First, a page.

Though the weather is due to take yet another turn for the worse this weekend, Spring growth is in full swing. The daffodils and crocuses are out, and there is much budding and shooting going on in the garden and all around us.
There’s such excitement in all the new life arriving, and the reawakening of plants, trees and flowers after the long winter. The birds are energised in their search for food and nest materials.
I didn’t know much about varieties – and there were a dazzling array on sale – so I was went with ‘Rocket’ because they promised to yield early spuds (10-11 weeks after planting).
I’ve since read that though they’re good for earlies, Rocket potatoes aren’t the most flavoursome, are sensitive to blight and don’t store well!
We shall see…
Chitting / sprouting
It is recommended to start chitting potatoes from mid-February for planting mid to late March (in Ireland the tradition is on or after Saint Patrick’s Day – 17th March). Mine went into the ground on the 24th.
Chitting allows the potatoes to grow shoots in advance of planting, and shaves a week or so off growing time. Though apparently it’s not strictly necessary, and seed potatoes can be planted without chitting. The main thing is to ensure that shoots and leaves don’t appear above ground level before the last frost.
A warmer soil is ideal for starting your spuds.
Chitting is a simple process, potatoes should be stored in a light, dry and cool place (in the absence of a potting shed, I used my kitchen counter). Ideally the spuds shouldn’t be in contact with each other (I used egg cartons to separate them). And while potatoes can produce a number of shoots, you should cultivate one per spud so the plant’s energy isn’t too stretched.
I planted nine chitted potatoes in a raised bed at a depth of around 15cm, ensuring the shoots were completely covered. I also plants some in bags (turned down at the edges to let sunshine in, and so I can earth up the soil and raise the sides of the bag as required later), and additionally in an unwanted bucket (with a hole in the bottom for drainage) and a pot. If you’re using bags, pots or other containers, be sure to leave room for the soil to be ‘earthed up’ around the plant as it grows (a blog on that to follow in a few weeks!).
Winter 2017–2018 has been a long haul, albeit one interspersed with some lovely sunny days.
Then, when it looked to be over, we had our extended visit from the unpredictable Beast from the East, a relative of whose is threatening another unwelcome visit this weekend.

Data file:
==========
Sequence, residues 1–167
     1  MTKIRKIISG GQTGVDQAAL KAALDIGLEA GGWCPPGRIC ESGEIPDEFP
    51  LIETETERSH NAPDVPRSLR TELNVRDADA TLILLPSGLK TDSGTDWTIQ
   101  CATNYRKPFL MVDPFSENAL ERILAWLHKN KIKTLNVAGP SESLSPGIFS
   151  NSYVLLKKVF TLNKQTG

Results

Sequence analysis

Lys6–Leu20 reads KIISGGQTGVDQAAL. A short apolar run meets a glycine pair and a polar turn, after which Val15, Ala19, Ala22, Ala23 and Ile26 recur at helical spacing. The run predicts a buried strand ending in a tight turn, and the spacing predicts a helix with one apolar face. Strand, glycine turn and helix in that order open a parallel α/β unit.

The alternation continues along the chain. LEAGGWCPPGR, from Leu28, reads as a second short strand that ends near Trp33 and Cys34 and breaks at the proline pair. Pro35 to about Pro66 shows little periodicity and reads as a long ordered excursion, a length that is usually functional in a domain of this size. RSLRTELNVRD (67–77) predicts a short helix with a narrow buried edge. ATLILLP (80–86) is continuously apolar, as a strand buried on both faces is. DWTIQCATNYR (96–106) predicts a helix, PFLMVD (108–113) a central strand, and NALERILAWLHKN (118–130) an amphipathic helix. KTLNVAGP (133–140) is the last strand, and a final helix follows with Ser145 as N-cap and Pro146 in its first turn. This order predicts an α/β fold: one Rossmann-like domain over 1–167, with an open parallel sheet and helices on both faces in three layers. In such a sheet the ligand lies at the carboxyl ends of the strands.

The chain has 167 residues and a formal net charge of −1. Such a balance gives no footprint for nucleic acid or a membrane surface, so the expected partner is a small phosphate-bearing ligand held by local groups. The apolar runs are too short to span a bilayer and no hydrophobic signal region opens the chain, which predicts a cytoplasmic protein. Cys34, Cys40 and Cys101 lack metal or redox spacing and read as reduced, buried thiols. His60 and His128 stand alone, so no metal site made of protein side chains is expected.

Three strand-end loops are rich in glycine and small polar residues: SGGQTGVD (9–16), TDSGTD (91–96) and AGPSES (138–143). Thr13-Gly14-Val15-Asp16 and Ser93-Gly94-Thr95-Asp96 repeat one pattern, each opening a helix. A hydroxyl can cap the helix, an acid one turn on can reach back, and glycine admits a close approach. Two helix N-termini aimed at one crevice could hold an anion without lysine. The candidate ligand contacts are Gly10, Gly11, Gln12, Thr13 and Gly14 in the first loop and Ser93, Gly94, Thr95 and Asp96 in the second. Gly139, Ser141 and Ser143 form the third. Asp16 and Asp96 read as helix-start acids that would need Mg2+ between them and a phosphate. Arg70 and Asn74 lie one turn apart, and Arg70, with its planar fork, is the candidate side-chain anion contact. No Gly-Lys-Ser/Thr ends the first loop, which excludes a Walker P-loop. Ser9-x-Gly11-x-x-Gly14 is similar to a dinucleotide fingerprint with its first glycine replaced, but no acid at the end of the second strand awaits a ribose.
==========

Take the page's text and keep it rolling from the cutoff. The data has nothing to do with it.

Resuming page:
The Beast was no match for my Cristo garlic, however, whose shoots made a convincing appearance this week.
No sign of the shallot shoots yet, but I checked a few of the bulbs and they look in good condition. Hopefully, they’re just taking their time coming out.
Today I moved my first lettuce seedlings outside under fleece, joining the first potted radishes, which are growing nicely under a cloche.
I also planted a pot of Early Nantes carrots under a cloche, and some Rodelika variety carrots under a cold frame in one of the raised beds.
Inside, I’ve some Calabrese Broccoli seedings at secondary leaf stage, and coriander and flat leaf parsley soaking up with sunshine on a south-facing windowsill. In a month or so, I’ll introduce them to the outside world.
On the subject of broccoli, my one remaining purple sprouting broccoli plant continues against the odds in a pot. I had removed it from the bed and isolated it as it was overcome by caterpillars. It’s made a remarkable recovery, and unlike the other broccoli plants, has never bolted – presumably this is to do with the limitations on its growth imposed by life in a pot.
Our youngest dog Pip, is a big fan of this plant, and regularly likes to munch a floret or leaf.
Also making a welcome post-winter recovery is the potted lemon balm.
And finally, our potatoes are ready to go out, I just want to wait till we’ve seen the back of the snow risk before taking them outside.
As the last of the late snow thaws, the tiny shoots of my recently sown garlic and shallots have reappeared, sodden, but hopefully not defeated.
I’m a couple of weeks behind schedule in embarking on the next phase of my ambitious 2018 garden plan. And there’s still quite a lot of heavy lifting to do – a lean-to glasshouse to install, fencing to put up, a couple of tonnes of soil to be sifted through, and countless jobs to improve the aesthetics of the garden. But, we have also made great progress in re-shaping the garden and getting it ready for this year’s planting.
2018 is going to be an epic gardening year. I’m going to plant lots of new crops: potatoes, beans, peas, cucumber, courgette, squash, parsnips, sprouts, pak choi, spring onion… and try to stay productive throughout the year. Watch this space!